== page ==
Remember your portfolio is something that should evolve as you build up your experience or client base. If you’re just getting started and don’t have much professional experience to highlight, don’t be disheartened – include any relevant personal and experimental projects or voluntary work that demonstrates your potential.
3# A clear and appropriate format
It’s worth spending some time thinking about the best format or medium to present your work. You’ll need to choose a format that reflects your ability as a designer - this will suggest that you are confident and knowledgeable. Consider researching some options and experimenting with different styles and approaches to discover what works best for your needs. A high-quality, professional website that offers an accessible overview of your work is often a good choice.
Be careful with photos – keep in mind that images need be clear and sharp to create impact. Larger images may take too long to load on a website, while very small images may appear pixelated and look unprofessional. Try to find a balance between the two and be sure to view your portfolio on a few different devices with various screen sizes to test the display.
4# Your creative process
You may think that employers are only interested in studying evidence of your final work or the outcome of your professional projects, but it is equally important to discuss your creative process, research and user testing. Including some form of written content or commentary alongside your work will mean that employers will be able to get an idea of how you fulfilled a project brief and the decisions that you made along the way. You may want to include some discussion of any issues you faced in the design process and how you overcame them.
Reflecting on your creative process and decision-making skills will show that you have the ability to adapt your skills to manage complex or challenging projects.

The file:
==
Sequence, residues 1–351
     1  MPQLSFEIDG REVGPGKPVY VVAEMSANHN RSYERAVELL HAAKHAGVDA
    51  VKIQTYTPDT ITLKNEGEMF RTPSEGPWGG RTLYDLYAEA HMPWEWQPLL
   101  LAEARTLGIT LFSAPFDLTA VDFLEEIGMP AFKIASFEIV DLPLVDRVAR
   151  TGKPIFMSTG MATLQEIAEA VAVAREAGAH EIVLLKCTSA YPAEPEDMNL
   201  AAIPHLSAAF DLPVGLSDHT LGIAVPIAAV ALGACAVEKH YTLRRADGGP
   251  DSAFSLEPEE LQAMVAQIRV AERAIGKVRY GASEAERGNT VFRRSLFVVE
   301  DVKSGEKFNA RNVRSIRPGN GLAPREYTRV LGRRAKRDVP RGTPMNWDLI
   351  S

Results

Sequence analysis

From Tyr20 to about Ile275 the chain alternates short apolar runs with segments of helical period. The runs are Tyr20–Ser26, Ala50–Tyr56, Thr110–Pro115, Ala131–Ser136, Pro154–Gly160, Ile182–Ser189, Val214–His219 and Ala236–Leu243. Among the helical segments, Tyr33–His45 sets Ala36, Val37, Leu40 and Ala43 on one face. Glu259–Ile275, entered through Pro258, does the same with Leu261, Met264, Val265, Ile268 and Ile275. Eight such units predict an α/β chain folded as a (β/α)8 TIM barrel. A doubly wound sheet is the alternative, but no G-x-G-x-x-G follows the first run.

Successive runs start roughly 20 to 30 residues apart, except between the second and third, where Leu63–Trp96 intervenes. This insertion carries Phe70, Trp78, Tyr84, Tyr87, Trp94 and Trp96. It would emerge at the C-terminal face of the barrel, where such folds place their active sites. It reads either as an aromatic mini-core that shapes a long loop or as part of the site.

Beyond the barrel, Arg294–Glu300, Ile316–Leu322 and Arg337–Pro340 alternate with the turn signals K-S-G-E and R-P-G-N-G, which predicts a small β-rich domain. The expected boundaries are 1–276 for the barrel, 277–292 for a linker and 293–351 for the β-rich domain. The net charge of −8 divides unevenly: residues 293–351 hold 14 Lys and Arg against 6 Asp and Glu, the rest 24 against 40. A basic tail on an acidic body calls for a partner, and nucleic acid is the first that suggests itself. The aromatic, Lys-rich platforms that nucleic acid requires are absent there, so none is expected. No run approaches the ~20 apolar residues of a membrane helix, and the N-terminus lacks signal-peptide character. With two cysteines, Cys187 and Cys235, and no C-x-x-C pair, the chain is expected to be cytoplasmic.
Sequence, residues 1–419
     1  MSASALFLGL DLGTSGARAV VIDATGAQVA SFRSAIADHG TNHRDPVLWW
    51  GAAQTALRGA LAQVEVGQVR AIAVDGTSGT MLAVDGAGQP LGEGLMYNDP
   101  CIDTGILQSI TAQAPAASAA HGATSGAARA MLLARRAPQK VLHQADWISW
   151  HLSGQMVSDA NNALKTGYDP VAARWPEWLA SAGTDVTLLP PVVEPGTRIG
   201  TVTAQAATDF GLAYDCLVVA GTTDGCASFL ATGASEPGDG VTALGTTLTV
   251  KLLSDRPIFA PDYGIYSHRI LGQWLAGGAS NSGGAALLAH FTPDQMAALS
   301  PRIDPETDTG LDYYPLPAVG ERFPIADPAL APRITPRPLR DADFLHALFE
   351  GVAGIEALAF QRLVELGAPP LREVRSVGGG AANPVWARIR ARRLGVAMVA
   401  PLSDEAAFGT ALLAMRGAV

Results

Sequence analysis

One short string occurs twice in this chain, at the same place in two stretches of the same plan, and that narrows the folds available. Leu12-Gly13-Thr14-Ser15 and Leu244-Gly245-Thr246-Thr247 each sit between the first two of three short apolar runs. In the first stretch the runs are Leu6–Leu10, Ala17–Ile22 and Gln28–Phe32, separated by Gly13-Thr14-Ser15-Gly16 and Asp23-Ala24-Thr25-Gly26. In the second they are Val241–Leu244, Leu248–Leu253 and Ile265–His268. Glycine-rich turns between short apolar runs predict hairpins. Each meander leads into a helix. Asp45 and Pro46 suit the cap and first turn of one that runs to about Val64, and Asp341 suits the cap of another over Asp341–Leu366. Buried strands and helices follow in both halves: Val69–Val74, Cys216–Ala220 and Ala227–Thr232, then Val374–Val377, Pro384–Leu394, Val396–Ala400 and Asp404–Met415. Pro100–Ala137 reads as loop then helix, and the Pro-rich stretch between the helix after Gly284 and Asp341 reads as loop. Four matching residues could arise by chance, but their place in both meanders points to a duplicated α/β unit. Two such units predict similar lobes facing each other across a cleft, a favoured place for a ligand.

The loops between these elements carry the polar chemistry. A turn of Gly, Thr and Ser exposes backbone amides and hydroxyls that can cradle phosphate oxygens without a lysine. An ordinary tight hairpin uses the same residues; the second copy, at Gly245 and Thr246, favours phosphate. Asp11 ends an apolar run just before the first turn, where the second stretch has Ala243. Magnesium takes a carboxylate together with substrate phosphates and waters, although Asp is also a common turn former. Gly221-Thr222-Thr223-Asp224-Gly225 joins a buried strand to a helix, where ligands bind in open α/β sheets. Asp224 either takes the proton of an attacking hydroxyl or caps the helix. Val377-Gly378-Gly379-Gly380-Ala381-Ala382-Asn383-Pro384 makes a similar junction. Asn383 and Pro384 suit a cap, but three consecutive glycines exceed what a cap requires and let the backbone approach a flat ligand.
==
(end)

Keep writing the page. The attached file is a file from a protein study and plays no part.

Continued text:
Rachel recommends thinking of your portfolio as a story that you need to tell; "show and tell the 'story' of the creative journey you took through each project or design brief," says Rachel, "include images of research, initial concept sketches, iterations and experimentations with production methods, materials and techniques. Include short explanations to give context and information about your process. Then hand it to someone who doesn't know the project at all and ask them to describe your process back to you. Your portfolio must be able to clearly communicate your creative process and design thinking when you're not in the room to do it yourself."
5# Your creative personality
A design portfolio should reveal something about your creative personality. This is something that will help to set you apart from other applicants and celebrate your unique voice as an artist and designer.
If your portfolio is thoughtfully designed, employers will have a clear sense of who you are, both professionally and personally, after reviewing it. Layout choices, titles and colour palettes can reflect your personal style and identity in a powerful way.
If you’re interested in improving your graphic design skills or expanding your knowledge in this area, take a look at our communication and graphic design short courses.